|Studying Mushrooms > Testing Chemical Reactions|
Testing Chemical Reactions
by Michael Kuo
How a mushroom's surfaces, flesh, and spores react to the application of certain chemicals can be important information in the identification process. In some cases, nearly identical mushrooms can be easily differentiated by simply applying a drop of common household ammonia to the cap!
It is important to test for chemical reactions on fresh mushrooms, preferably within an hour of picking them. This is not always possible, unless you are willing to carry chemicals with you when you're collecting. But try to test mushrooms as soon as possible when you get home, remembering that the longer you wait, the less reliable your results may be.
Below are details on three chemicals commonly used by mycologists to identify mushrooms, as well as commentary on chemical testing.
Ammonia (NH4OH, Ammonium Hydroxide)
Common household ammonia, available in any grocery store, works perfectly well.
Ammonia is primarily used in the identification of boletes. Place a drop of ammonia on a fresh bolete's cap, stem, sliced flesh, and pore surface. Note any color changes that take place. Some species, like Boletus illudens, will demonstrate a quick flash of one color (for example, blue-green), then settle into another, more permanent color change (for example, grayish). Other species, like Boletus separans, may demonstrate a single color change.
KOH (Potassium Hydroxide)
A 3-5 percent aqueous solution is used to test for color changes. Consult your pharmacist for help in obtaining this chemical, or ask the mycologist at a local university (be nice!)--or purchase KOH online at a scientific equipment site like Fisher Scientific (though you may have some difficulty with this post-911).
KOH is used in the identification of many mushrooms, including boletes, polypores, and gilled mushrooms. For boletes, place a drop of KOH on the cap, stem, sliced flesh, and pore surface. For polypores, apply the KOH to the flesh and the cap surface. For gilled mushrooms, place a drop on the cap surface. Note any color changes that take place. A change to yellow is sometimes found in species of Agaricus and Amanita; magenta or olive reactions can help identify species of Russula and Lactarius; deep red or black reactions can help sort out many gilled mushrooms; black reactions among polypores are crucial separators; and various colors are produced with boletes. Don't forget that a "negative" reaction (no color change) may also be an informative character!
I have heard that liquid Drano may (may) work as a substitute for KOH; I have not experimented.
Iron Salts (FeSO4)
A 10 percent aqueous solution is used to test for color changes. As with KOH, you will need to consult your pharmacist for help in obtaining this chemical, or ask the mycologist at a local university--or purchase FeSO4 online at a scientific equipment site like Fisher Scientific (though you may have some difficulty with this post-911).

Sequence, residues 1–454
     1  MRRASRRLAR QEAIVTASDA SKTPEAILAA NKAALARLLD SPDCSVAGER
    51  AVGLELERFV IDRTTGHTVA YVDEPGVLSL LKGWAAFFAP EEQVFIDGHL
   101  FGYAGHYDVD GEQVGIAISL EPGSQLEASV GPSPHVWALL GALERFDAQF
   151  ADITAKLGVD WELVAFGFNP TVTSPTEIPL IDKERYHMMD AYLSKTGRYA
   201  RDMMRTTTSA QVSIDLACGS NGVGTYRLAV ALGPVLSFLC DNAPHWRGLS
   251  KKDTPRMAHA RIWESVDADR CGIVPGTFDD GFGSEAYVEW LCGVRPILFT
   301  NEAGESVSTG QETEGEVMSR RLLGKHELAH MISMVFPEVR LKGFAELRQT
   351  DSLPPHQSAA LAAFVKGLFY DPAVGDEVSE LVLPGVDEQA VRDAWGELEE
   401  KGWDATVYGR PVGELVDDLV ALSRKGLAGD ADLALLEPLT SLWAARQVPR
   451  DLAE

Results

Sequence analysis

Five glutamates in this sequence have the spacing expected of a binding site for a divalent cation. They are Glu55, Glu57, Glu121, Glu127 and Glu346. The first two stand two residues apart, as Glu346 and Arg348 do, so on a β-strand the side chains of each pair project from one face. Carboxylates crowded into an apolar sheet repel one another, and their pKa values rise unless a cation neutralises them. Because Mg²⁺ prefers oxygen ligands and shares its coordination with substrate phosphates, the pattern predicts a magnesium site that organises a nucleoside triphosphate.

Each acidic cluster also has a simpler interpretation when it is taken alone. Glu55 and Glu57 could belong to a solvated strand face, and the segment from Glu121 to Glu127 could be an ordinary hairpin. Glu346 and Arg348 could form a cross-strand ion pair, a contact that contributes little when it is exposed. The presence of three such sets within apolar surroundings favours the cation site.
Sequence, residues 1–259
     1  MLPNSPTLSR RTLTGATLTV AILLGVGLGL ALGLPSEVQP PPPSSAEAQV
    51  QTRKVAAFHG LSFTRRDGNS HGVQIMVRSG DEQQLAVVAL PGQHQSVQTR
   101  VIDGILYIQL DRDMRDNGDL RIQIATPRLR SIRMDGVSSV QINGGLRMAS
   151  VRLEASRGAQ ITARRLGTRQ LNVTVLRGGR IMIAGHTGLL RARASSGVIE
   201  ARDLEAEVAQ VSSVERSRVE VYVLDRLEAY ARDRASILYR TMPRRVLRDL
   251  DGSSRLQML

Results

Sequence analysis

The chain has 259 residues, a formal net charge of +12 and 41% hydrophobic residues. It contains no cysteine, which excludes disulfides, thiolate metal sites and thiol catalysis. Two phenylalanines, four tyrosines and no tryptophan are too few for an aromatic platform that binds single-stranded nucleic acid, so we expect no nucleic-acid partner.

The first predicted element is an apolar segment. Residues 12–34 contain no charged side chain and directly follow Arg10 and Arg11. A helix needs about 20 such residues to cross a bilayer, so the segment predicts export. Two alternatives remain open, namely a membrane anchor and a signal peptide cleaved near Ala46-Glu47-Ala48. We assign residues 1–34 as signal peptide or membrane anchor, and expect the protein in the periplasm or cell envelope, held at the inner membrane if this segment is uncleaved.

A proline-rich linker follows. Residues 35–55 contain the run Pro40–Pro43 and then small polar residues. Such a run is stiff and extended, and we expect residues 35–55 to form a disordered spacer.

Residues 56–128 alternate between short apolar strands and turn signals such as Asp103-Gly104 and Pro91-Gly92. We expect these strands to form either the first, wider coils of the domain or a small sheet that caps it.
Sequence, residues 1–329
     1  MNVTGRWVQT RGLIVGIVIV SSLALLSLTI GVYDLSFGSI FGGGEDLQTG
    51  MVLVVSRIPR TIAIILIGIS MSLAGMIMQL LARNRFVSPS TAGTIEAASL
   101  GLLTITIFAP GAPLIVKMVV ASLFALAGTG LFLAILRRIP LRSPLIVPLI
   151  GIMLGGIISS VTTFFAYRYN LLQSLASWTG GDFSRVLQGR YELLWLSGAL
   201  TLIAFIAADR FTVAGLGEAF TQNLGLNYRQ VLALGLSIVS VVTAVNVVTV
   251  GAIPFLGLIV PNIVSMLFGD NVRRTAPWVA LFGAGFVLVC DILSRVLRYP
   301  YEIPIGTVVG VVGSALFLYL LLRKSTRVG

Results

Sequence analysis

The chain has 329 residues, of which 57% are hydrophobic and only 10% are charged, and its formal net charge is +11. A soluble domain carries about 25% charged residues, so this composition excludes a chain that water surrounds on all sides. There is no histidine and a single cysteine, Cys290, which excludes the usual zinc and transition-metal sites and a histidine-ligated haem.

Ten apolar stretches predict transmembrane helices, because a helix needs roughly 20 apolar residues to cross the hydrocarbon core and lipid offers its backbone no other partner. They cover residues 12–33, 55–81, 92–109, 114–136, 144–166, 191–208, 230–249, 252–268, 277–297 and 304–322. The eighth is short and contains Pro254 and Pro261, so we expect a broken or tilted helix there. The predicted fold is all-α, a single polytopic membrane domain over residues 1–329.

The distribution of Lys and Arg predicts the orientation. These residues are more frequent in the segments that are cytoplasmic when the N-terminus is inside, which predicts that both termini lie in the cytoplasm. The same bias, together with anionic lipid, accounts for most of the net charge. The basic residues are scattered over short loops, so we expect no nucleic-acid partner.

Mycologists have not tried applying these chemicals to every mushroom. You may discover interesting things by simply dropping these chemicals on mushrooms you collect. This kind of experimentation has led me to discover: that eastern North America's chanterelles do not react to iron salts with the exception of one species (Cantharellus appalachiensis) which is frequently hard to separate from other chanterelles on the basis of its physical appearance (see Reactions to Iron Salts among the Chanterelles); that Rhodotus palmatus displays a striking green reaction to iron salts; that ammonia, KOH, and iron salts are absolutely useless in sorting out morel species defined by DNA (or any other means); and a few other things that I will remain silent about for now since I want to double- and triple-check results.
While chemical testing is invaluable to the identification of boletes, you will soon find that reactions to chemicals are inconsistently recorded in the literature. It would be nice if nine reactions were recorded for each bolete: ammonia on the cap, flesh, and pore surface; KOH on these three surfaces; and iron salts. Unfortunately, things aren't that nice. Some mushrooms have been tested by publishing mycologists with ammonia only, others with KOH only, and so on . . . and there are plenty that haven't been tested and documented at all.
To add to the problem, some mycologists disagree with others on the validity of their tests. Though this comes as no surprise to anyone familiar with the academic world, it is more than a little frustrating to know that one prominent bolete authority feels that another prominent bolete authority's chemical tests are invalid because they were not performed on fresh mushrooms.
Melzer's Reagent and Iodine
The material about Melzer's reagent and iodine reactions previously included on this page has been moved; see Using a Microscope: Equipment for details about Melzer's reagent and how to obtain it; see Using a Microscope: Viewing and Measuring Spores for definitions of "amyloid," "dextrinoid," and "inamyloid" reactions to Melzer's. For details on using simple tincture of iodine as a substitute for Melzer's (not always successful), see:
Leonard, Lawrence M. (2006). Melzer's, Lugol's, or iodine for identification of white-spored Agaricales. McIlvainea 16.
Links from other pages at this site have been adjusted, but I am placing this note here to accommodate bookmarks and links from elsewhere.
Click the image below for a movie of the cap reaction to ammonia in Boletus pseudosensibilis.
Cite this page as:
Kuo, M. (2006, November). Testing chemical reactions. Retrieved from the MushroomExpert.Com Web site: http://www.mushroomexpert.com/macrochemicals.html